Gambits and Endgames
In the 1770s, an Austrian courtier and diplomat named Baron Wolfgang von Kempelen stunned the Western world with his singular creation, a chess-playing automaton called the Turk. Animated mannequins were something of a fad among European royalty and aristocracy of the period, but most of these were clockwork musicians or limited performers who did the same things over and over, with varying degrees of sophistication. Kempelen’s device, however, appeared capable of independent and logical thought, able to form strategy and detect illegal moves.
It is estimated that the Turk defeated 98% of its opponents, who included such luminaries as Napoleon and Benjamin Franklin during Kempelen’s lifetime. After the Baron’s death, a successor continued to exhibit the Turk, who faced off against Edgar Allan Poe and Charles Babbage, the man who attempted to create the first computer, the “difference engine,” partly inspired by his encounter with Kempelen’s marvelous machine.
The story of the Turk, which turned out to be one of the most successful hoaxes ever pulled off, is fascinating in itself, but as the basis for Raymond Bernard’s 1927 silent film, The Chess Player, it is nothing short of stunning. The film is an adaptation of a novel by Henri Dupuy-Mazuel, who placed Kempelen and his device in the middle of a Polish revolution and carried them into the Winter Palace of Catherine II of Russia. The result is at once bold, emotional, eerie, and beautiful.
Rather than the dabbling aristocrat he was in real life, Kempelen (Charles Dullin) is here an eccentric inventor of automata, living alone in a bizarre mechanical house on the outskirts of Vilnius, Lithuania—one is immediately reminded of Vincent Price’s pad in Edward Scissorhands—surrounded by his whimsical creations. Kempelen appears to have little interest in the outside world, which is just as well, as it’s gotten messy out there. Polish Lithuania in 1776 is chafing under the iron rule of Russia, and tensions between the Russian occupiers and the Poles are dangerously high.
Unfortunately for Kempelen, however, he has a pair of troublemakers in his care. He serves as an avuncular mentor to a headstrong soldier, Boleslas Vorowski (Pierre Blanchar), and his idealistic foster sister Sophie Novinska (Edith Jehanne), who are leaders of the Polish resistance in Vilnius—Sophie’s portrait adorns the rallying banner for the movement. Only Boleslas’ abiding friendship with a Russian lieutenant, Prince Serge Oblomoff (Pierre Batcheff), and ongoing chess rivalry with a certain Major Nicolaieff (Camille Bert), keep him and his partisans in check.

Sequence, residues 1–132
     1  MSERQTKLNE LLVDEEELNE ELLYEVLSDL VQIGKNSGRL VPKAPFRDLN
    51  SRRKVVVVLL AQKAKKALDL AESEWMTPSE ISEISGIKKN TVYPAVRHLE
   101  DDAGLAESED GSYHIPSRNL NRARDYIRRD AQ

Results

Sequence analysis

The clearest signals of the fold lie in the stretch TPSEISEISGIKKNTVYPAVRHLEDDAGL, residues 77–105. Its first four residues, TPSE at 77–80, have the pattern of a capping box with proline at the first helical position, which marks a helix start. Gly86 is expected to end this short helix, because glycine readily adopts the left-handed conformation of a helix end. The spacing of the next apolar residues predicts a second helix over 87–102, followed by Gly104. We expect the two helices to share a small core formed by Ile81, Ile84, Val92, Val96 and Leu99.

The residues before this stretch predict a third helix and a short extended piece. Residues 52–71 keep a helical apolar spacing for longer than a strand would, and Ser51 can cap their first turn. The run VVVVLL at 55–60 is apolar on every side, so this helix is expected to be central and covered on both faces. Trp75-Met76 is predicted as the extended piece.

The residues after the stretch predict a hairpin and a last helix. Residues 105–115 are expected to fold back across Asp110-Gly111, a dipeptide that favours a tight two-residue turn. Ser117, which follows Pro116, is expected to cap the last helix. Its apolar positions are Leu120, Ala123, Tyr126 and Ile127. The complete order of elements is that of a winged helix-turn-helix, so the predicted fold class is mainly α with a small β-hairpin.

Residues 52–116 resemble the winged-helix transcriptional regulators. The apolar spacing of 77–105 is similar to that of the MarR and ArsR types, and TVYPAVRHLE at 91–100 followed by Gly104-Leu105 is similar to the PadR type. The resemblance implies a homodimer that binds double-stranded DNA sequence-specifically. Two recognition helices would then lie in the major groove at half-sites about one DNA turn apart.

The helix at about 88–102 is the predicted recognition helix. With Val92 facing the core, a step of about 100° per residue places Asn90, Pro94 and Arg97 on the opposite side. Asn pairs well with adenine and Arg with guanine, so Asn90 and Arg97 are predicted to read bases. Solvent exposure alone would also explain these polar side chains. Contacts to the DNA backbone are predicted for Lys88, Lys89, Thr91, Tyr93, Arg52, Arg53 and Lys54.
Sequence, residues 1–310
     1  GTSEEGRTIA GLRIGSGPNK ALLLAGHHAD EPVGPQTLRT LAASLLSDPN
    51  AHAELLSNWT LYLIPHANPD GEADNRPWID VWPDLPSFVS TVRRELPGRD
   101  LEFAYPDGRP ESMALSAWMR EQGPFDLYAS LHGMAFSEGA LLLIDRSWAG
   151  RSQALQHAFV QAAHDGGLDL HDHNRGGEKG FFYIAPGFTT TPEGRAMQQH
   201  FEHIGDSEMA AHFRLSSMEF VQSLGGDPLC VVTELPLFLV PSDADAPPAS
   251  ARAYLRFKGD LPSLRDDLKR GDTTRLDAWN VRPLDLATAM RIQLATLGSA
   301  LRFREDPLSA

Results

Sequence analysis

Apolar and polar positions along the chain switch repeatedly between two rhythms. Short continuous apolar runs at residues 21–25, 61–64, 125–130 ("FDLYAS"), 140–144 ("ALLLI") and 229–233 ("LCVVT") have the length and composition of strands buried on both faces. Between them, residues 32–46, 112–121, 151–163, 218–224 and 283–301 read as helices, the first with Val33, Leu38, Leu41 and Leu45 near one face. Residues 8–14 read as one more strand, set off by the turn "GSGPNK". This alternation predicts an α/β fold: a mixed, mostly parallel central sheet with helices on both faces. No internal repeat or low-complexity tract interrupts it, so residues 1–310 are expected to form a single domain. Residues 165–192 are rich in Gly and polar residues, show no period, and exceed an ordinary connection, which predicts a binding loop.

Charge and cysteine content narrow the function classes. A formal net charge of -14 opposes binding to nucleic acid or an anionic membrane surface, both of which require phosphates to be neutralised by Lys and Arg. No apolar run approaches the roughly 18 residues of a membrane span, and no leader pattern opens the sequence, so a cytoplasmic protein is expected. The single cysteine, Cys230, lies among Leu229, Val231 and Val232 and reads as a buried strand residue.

But as Boleslas is about to go home to celebrate Sophie’s birthday, one of Nicolaieff’s men attempts to rape a Polish dancer named Wanda (Jacky Monnier). Boleslas kills Wanda’s assailant, inciting a full-on brawl between Poles and Russians, which in turn triggers a peasant uprising. Boleslas races home to tell Sophie the war’s on, only to find her in Oblomoff’s arms. Forced to choose between her lover and her people, Sophie lets Oblomoff go.
Bernard’s depiction of the Polish uprising is nothing short of epic. The hopelessly outmanned and outgunned Poles crash like waves on the shore against the Russian forces; and panoramic battlefield scenes give way to breathtaking fantasy, as a despairing Sophie imagines Boleslas on horseback routing the Russians, a scene incorporating thousands of actual Polish cavalry thundering across a field (reminiscent of D.W. Griffith or Cecil B. DeMille’s grand action scenes). But a fantasy is all it is, and the revolt fails, leaving Boleslas crippled and hunted, an Imperial bounty on his head and on the head of anyone who shields him. Kempelen takes Boleslas and Sophie in, but it is only a matter of time before they are all discovered. The only hope for Boleslas is to sneak into Germany and safety—but how?
Enter the Turk. Kempelen takes his newest creation, a chess-playing mechanical marvel, on tour, inching his way across Poland with Sophie and Wanda in tow. The automaton is a boffo success, and as they move ever closer toward Germany, it would seem Kempelen’s clever plan is working, until Major Nicolaieff shows up in Warsaw and finds the Turk’s game very familiar… Suddenly the troupe is summoned to St. Petersburg, the lion’s den where the Polish rebellion will come face to face with the Empress of All the Russias.
The plot and scope of The Chess Player are sprawling, as is the running time of 140 minutes, but the film is as engrossing a spectacle as one will see, even with the modern moviegoer’s typical resistance to silent film conventions (I’ll plead guilty to that, having recently tried to watch the original version of Ben-Hur, and giving up after half an hour of Ramon Navarro’s histrionics). The cast is composed primarily of accomplished stage actors: Dullin was the director of France’s famed Theatre de l’Atelier. Title cards are kept at a minimum, such that the wonderfully textured performances drive the action. And a new performance of the original score by Henri Rabaud complements Bernard’s range of moods, the battlefield excesses, the pomp of Catherine’s palace, and the flat-out creepiness of Kempelen’s clockwork museum, all beautifully restored for the DVD release.
In real life, the Turk remained a popular phenomenon for 85 years, until its owner deliberately revealed how the trick was done and mothballed the gadget. Tom Standage, author of The Turk: The Life and Times of the Famous Eighteenth-Century Chess-Playing Machine (Walker & Co. 2002), speculates that the reason no cynic ever outed the illusion was because the trick was so nifty that it encouraged the willing suspension of disbelief even in such skeptical minds as Ben Franklin’s. When the show’s that good, just go with it. Kempelen’s show was that good, and so is Bernard’s.